Custodia Bank CEO Criticizes Washington’s “Misleading Campaign” on Cryptocurrency


Custodia Bank CEO Caitlin Long has blasted regulators and lawmakers in Washington, D.C., for their “misleading crackdown” on the cryptocurrency sector and for ignoring her warnings of massive “scams” ​​that now allegedly bankrupt entities.

in feb. 17 blog post titled “Shame on Washington, D.C. for firing messenger who warned of crypto disaster has long ripped government apart over its approach to regulating cryptocurrency, its failure to protect investors and alienating good actors in the space:

“Washington’s misleading campaign will only drive risks into the shadows, leaving regulators to play the knockout role as risks continually emerge in unexpected places.”

Long stressed that with her digital asset custodian, she “has been calling out the worst in crypto while trying to build a compliant legal alternative that moves scams to the trash heap. But […] Most policymakers today seem intent on killing innovators of high integrity.”

The CEO of Custodia Bank claimed her efforts to work with government agencies eventually faltered when she recounted her company’s recent spate of negative controversies.

Custodia was simultaneously attacked by the White House, the Federal Board of Governors, the Kansas City Federal Reserve, and Senator Dick Durbin (who conflated our non-leveraged, 100 percent liquid and solvent bank with FTX in a speech to the Senate). )” is, adding that:

“Custodia tried to become federally regulated — the very outcome that bipartisan policymakers claim to want. Yet Custodia was rejected and is now disparaged for daring to walk through the front door.”

Her sentiments echo figures like Coinbase CEO Brian Armstrong, who has suggested on multiple occasions that agencies such as the Securities and Exchange Commission (SEC) They reacted tepidly to his company’s efforts to maintain dialogue in good faith.

Earlier this month, Armstrong also criticized a lack of regulatory clarity in the US and what appears to be a “regulation by enforcement” approach in the wake of the SEC’s move to shut down Kraken’s staking services on February 3rd. 9.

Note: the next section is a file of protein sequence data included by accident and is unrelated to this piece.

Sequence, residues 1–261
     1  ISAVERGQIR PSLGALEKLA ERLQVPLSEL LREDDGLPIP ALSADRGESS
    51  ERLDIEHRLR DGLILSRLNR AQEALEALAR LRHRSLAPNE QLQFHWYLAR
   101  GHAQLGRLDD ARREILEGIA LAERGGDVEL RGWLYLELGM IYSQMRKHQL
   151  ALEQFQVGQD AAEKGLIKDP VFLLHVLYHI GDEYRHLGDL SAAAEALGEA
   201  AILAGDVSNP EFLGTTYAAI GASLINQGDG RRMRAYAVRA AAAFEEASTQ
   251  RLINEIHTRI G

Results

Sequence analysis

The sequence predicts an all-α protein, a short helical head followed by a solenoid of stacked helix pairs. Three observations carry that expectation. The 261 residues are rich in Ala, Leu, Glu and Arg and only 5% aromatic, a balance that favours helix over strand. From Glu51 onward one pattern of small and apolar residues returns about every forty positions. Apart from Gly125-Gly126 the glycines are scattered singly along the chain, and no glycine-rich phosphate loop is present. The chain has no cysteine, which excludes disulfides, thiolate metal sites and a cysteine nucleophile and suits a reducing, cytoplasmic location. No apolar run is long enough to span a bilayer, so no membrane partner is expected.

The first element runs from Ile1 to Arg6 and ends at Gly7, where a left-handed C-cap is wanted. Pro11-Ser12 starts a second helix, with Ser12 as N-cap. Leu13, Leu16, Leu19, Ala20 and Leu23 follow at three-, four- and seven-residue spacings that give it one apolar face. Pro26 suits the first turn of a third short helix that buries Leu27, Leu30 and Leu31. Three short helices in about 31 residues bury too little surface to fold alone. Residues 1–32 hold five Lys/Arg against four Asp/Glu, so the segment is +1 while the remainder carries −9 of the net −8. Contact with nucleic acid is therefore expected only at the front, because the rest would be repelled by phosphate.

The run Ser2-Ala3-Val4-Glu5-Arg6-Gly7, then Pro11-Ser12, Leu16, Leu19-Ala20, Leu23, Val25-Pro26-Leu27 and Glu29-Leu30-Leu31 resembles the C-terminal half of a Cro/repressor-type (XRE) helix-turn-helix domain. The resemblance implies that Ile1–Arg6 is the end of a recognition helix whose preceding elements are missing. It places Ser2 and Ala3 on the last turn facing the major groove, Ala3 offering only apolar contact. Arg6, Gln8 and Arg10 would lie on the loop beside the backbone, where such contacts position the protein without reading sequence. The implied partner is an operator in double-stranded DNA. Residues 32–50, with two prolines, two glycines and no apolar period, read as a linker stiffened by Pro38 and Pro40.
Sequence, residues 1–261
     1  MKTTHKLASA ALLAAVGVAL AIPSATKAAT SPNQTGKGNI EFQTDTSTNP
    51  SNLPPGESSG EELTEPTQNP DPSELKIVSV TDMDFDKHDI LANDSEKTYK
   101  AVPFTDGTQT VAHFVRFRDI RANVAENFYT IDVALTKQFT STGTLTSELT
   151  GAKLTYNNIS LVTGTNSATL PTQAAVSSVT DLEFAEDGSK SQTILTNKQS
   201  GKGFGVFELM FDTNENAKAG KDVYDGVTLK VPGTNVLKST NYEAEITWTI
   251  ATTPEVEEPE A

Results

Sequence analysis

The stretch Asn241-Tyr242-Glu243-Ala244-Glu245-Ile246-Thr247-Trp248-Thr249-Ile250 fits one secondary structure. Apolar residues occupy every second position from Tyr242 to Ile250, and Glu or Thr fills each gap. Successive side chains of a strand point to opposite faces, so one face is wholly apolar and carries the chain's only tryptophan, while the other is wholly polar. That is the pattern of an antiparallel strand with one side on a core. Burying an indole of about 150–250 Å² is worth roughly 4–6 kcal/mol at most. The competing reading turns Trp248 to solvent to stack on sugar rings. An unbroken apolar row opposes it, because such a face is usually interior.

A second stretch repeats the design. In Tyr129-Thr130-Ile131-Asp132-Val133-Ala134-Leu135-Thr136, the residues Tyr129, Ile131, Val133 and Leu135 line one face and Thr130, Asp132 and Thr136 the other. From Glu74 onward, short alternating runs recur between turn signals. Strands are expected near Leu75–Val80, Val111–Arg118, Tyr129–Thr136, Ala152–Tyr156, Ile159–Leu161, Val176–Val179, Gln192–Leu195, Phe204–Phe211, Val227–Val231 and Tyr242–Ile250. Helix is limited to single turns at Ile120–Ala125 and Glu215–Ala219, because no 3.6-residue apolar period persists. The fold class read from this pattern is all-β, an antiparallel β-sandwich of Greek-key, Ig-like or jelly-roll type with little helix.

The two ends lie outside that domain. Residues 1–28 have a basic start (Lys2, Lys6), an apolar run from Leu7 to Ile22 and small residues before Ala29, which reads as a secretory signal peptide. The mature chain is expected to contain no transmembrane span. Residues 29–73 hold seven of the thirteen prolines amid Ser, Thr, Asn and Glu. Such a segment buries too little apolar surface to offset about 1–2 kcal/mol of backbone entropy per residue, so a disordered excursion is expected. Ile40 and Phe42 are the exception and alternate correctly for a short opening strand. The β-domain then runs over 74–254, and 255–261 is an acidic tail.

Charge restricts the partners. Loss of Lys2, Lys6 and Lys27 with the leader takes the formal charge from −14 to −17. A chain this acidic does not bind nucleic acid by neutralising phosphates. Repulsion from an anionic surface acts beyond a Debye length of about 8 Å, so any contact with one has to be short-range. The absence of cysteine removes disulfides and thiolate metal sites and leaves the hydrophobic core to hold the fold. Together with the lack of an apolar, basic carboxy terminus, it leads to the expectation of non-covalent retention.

“There is no doubt that regulators and lawmakers in Washington today are embarrassed that they failed to stop crypto criminals. DC Scalp Claims,” Long wrote in the blog post, adding:

“The calls for tough action today come from many of the same policy makers who have been bewitched by the fraudsters. In a 180-degree spin, they are now dumping the baby in the bathwater.”

Warnings not heeded

On Twitter, Long also noted that before many crypto companies went bust in 2022, she and several others had tried to warn Washington and “help law enforcement stop major scams,” but to no avail.

Related: SEC vs. Kraken: a one-time launch or a shooting attack on cryptocurrency?

Long revealed publicly for the first time that it had “turned over evidence to law enforcement of possible crimes” committed by an unnamed crypto company “months before that company collapsed and millions of customers were lost.”

Kraken co-founder and CEO Jesse Powell responded to Long’s Twitter thread and corroborated her remarks by noting that: “I can’t tell you how infuriating it is when I point out huge red flags and clear illegal activity to regulators only to have them ignore cases for years.”